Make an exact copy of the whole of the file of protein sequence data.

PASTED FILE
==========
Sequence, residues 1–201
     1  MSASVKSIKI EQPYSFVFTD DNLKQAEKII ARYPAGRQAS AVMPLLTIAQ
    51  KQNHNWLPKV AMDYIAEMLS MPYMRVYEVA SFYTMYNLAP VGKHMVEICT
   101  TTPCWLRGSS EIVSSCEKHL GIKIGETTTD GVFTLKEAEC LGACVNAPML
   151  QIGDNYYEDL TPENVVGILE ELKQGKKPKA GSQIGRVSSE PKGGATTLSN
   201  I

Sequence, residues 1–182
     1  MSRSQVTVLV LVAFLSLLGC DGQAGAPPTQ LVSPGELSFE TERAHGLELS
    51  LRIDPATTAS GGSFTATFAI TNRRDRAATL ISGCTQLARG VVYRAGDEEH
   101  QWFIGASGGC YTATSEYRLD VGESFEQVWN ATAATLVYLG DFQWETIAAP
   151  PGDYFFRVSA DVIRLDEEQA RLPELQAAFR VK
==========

Sequence, residues 1–201
     1  MSASVKSIKI EQPYSFVFTD DNLKQAEKII ARYPAGRQAS AVMPLLTIAQ
    51  KQNHNWLPKV AMDYIAEMLS MPYMRVYEVA SFYTMYNLAP VGKHMVEICT
   101  TTPCWLRGSS EIVSSCEKHL GIKIGETTTD GVFTLKEAEC LGACVNAPML
   151  QIGDNYYEDL TPENVVGILE ELKQGKKPKA GSQIGRVSSE PKGGATTLSN
   201  I

Sequence, residues 1–182
     1  MSRSQVTVLV LVAFLSLLGC DGQAGAPPTQ LVSPGELSFE TERAHGLELS
    51  LRIDPATTAS GGSFTATFAI TNRRDRAATL ISGCTQLARG VVYRAGDEEH
   101  QWFIGASGGC YTATSEYRLD VGESFEQVWN ATAATLVYLG DFQWETIAAP
   151  PGDYFFRVSA DVIRLDEEQA RLPELQAAFR VK